Rerolled: September 30, 2020 | #STDW
A new federal bill uses drugs and terrorism to take aim at tech companies' liability protections, a new Wyoming bill would ban smokeable hemp and most CBD products, and more.
California Governor Signs Marijuana Appellations Bill into Law. Gov. Gavin Newsom (D) has signed into law Senate Bill 67, which will allow marijuana growing communities in the state to establish authentic, terroir-based appellations similar to those used by wine producers around the world.
Wyoming Bill Would Limit CBD, Hemp Products. At the behest of Powell Police Chief Roy Eckerdt, state Sen. R.J. Kost has drafted a bill, 21LSO-88, that would ban the processing, possession, and retail sale of smokeable hemp and CBD food and beverage products. CBD oils are not included in the bill. "It’s an attempt to try to eliminate where the crossover between marijuana and hemp is so difficult to be able to identify," Kost said. The bill would all ban CBD products from being marketed as a dietary supplement and require labels saying that the product has not been approved by the Food and Drug Administration.
New Federal Bill Uses Drugs, Terrorism Threats to Limit Internet Companies' Liability Protections. Sens. Joe Manchin (D-WV) and John Cornyn (R-TX) on Tuesday filed the See Something, Say Something Online Act that would limit tech companies' liability protections over illegal activity on their platforms. Section 230 of the Communications Decency Act currently exempts tech companies from being liable for third-party content on their platforms, but this bill would amend Section 230 to make large tech companies legally responsible for removing specified illegal content—such as drug sales or terrorist activity—on their platforms.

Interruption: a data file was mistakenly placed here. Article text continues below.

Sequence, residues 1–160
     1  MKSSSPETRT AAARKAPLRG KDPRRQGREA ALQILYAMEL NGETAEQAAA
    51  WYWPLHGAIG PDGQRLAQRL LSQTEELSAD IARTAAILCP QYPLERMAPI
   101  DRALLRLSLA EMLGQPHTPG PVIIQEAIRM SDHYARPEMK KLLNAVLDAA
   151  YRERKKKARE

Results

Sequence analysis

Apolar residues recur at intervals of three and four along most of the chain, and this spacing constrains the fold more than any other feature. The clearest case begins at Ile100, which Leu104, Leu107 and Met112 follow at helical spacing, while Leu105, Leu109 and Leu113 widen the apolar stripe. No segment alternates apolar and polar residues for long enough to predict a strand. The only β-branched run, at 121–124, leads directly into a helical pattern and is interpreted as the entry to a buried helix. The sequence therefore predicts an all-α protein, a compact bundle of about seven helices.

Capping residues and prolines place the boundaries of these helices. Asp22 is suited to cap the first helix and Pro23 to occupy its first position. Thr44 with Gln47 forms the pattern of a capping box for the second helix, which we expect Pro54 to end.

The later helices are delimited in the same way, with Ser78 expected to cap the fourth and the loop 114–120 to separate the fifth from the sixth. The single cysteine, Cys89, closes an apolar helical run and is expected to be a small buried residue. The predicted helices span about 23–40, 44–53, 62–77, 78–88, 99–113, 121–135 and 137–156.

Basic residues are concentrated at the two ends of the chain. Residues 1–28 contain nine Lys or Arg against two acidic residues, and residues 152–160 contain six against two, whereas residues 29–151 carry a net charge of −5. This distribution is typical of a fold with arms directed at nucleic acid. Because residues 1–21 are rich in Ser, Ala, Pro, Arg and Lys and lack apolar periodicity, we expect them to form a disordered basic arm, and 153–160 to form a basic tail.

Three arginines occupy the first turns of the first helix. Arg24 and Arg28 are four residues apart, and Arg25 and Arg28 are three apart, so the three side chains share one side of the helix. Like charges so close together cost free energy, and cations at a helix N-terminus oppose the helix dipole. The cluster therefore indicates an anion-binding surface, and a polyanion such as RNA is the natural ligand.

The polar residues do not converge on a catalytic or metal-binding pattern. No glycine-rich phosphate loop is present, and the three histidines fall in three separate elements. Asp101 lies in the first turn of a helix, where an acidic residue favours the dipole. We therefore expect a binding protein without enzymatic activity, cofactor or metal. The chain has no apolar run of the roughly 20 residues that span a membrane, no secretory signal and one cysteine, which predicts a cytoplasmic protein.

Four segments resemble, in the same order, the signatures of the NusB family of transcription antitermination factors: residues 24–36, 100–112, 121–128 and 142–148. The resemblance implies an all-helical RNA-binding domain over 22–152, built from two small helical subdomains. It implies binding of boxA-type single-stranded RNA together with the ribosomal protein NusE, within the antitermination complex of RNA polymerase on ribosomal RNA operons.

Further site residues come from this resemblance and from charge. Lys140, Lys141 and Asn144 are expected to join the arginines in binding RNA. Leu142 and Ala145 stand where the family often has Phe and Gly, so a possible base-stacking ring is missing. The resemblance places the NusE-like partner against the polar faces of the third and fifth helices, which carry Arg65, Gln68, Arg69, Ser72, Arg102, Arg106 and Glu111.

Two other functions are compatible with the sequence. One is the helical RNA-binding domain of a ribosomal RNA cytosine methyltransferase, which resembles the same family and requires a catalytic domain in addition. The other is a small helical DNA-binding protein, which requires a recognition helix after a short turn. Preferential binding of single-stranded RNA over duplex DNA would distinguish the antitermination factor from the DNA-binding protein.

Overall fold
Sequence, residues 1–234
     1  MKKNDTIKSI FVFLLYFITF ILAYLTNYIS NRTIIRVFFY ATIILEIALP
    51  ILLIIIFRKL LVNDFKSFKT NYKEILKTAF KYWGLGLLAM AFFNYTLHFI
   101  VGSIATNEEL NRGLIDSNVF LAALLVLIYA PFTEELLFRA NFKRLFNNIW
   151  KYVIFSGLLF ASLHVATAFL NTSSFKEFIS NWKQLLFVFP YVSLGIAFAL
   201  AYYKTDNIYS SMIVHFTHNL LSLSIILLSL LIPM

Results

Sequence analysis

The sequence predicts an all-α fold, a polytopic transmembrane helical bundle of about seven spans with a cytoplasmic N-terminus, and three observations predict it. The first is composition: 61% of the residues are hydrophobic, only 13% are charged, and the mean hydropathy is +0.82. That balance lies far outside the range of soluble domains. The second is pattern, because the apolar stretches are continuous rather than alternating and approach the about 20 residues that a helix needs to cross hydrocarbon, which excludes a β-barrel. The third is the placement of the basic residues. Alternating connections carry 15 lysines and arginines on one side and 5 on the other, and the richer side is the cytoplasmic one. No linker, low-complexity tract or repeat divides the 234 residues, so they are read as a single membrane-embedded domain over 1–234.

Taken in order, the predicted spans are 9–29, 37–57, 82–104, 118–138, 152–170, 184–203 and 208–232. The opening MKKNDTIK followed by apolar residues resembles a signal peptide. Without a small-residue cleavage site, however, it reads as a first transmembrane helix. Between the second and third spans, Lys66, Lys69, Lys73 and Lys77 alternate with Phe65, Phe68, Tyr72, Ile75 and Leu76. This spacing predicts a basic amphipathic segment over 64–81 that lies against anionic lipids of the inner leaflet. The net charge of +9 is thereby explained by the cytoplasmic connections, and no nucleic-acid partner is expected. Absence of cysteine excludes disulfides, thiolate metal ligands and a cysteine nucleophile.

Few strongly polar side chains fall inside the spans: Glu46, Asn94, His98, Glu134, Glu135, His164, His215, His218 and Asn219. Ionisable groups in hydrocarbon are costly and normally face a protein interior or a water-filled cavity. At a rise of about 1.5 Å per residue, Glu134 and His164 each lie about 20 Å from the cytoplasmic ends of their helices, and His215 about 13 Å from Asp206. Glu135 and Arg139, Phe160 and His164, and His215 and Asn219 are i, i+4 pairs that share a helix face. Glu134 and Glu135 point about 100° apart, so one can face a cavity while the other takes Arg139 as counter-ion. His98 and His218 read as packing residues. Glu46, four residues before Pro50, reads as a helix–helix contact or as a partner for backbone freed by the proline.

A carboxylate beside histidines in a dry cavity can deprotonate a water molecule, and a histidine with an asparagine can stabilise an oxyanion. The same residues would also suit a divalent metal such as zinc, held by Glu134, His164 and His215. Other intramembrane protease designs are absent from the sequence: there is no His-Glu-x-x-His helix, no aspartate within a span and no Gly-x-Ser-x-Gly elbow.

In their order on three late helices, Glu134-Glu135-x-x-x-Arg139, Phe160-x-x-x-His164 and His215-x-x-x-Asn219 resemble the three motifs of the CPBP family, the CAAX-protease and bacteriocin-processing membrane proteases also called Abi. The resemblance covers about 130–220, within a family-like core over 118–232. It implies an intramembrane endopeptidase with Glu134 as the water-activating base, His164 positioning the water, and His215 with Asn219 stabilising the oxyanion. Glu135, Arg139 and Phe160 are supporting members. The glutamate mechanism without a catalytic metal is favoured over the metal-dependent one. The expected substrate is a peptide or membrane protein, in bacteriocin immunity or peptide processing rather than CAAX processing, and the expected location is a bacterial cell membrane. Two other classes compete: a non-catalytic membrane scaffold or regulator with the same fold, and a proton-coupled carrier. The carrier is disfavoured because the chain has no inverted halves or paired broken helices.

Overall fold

Illinois Senate Committee Focuses on Drug Penalty Reform. The state Senate Criminal Law Committee and Special Committee on Public Safety held its latest in a series of hearings related to the Illinois Legislative Black Caucus’ legislative agenda Tuesday, focusing on reclassifying offenses, drug penalty reform and elderly parole. Witnesses told the committee that changes to reduce penalties for marijuana offenses were a step forward, but that deeper changes are needed. They pointed to racial disparities in drug sentencing, where Blacks who make up less than 15% of the state population account for nearly 70% of prison admissions for drug charges. No legislation has yet been filed.
AZ Poll Has Pot Legalization Initiative in Dead Heat, Psychedelic Group Releases Handbook for Organizers, More… (9/29/20)